(Video) Yahoo Breach: US Charges Russian Spies

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In a move that many fear will aggravate the relationship between the US and Russia, two Russian nationals who suspected of being spies for the Russian intelligence agency, FSB, are among four individuals indicted by the US Department of Justice (DOJ) over a huge theft of Yahoo user accounts.

Occurring in 2014, the hack resulted in 500 million accounts being affected, a breach that Yahoo claim was caused by “state-sponsored” hackers. According to Yahoo, the date breached included names, email addresses, telephone numbers, dates of birth and passwords, but not credit card data.

Those arrested are also suspected of having targeted Google accounts.

The DOJ also claimed that the hacking was directed at Russian and US government officials, as well as diplomatic, military and security personnel.

DOJ went on to say that over 30 million Yahoo accounts were hijacked illegally as part of a large spam campaign.

Acting attorney general Mary McCord, announcing the charges, said, “We will not allow individuals, groups, nation states, or a combination of them to compromise the privacy of our citizens, the economic interests of our companies, or the security of our country.”

The four suspects arrested were identified in the DOJ press release as:

  • Dmitry Aleksandrovich Dokuchaev, 33, a Russian national and FSB officer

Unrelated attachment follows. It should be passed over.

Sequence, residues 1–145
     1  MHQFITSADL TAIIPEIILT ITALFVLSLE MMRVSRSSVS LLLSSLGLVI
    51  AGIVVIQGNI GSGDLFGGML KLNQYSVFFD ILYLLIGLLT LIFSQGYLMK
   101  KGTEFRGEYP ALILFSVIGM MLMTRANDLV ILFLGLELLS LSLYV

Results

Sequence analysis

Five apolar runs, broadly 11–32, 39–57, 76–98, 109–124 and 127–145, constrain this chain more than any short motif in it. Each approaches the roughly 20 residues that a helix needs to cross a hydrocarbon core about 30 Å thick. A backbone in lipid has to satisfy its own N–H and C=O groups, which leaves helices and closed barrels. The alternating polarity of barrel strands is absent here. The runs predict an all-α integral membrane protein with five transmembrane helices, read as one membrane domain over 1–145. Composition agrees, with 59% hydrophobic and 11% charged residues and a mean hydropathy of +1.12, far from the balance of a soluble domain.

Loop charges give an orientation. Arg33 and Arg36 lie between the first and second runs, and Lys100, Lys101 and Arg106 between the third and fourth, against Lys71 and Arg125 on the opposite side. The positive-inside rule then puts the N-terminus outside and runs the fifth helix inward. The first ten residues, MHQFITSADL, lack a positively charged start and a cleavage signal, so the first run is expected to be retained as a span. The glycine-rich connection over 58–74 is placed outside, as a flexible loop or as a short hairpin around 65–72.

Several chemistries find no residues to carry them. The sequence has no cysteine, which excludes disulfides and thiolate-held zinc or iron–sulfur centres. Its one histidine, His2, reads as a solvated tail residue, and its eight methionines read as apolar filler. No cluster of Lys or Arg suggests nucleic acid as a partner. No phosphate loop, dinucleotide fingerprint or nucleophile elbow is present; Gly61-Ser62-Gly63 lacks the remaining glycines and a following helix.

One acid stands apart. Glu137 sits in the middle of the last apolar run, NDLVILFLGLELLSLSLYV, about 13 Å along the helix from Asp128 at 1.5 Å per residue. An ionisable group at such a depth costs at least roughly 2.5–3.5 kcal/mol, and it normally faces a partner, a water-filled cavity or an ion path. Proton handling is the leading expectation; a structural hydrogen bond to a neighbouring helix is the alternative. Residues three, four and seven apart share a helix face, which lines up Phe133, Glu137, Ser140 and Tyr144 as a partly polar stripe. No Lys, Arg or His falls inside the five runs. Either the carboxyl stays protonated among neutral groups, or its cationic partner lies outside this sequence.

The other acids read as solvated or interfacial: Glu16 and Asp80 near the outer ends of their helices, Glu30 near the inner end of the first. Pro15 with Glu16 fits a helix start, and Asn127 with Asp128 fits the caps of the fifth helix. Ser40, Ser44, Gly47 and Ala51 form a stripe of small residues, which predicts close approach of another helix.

• Igor Anatolyevich Sushchin, 43, a Russian national and FSB officer
  • Alexsey Alexseyevich Belan, 29, a Russian national and resident
  • Karim Baratov, 22, a Canadian and Kazakh national and a resident of Canada
Alexsey Belan

Alexsey Belan, one of the alleged hackers involved, has been on the FBI’s most wanted list

In what came as welcome news for many in the FBI, McCord claimed that one of the suspects is one of the FBI’s most wanted cyber criminals – a man the FBI had been chasing for over three years.

Alexsey Belan, claimed by the DOJ to be have been assisted by the FSB, is alleged to have been given “sensitive FSB law enforcement and intelligence information that would have helped him avoid detection by US and other law enforcement agencies outside Russia.”

Recognising the lack of an official extradition procedure with Russia, McCord said that, “We would hope [Russia] would respect our criminal justice system and respect these charges.”

Not unknown to the world of cyber-crime defense, the FBI also thanked UK’s MI5 who had “made substantial contributions to the advancement of this investigation.”


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Benjamin David founded Conatus News in 2016. He currently works as an editor for Parliamentary Review.

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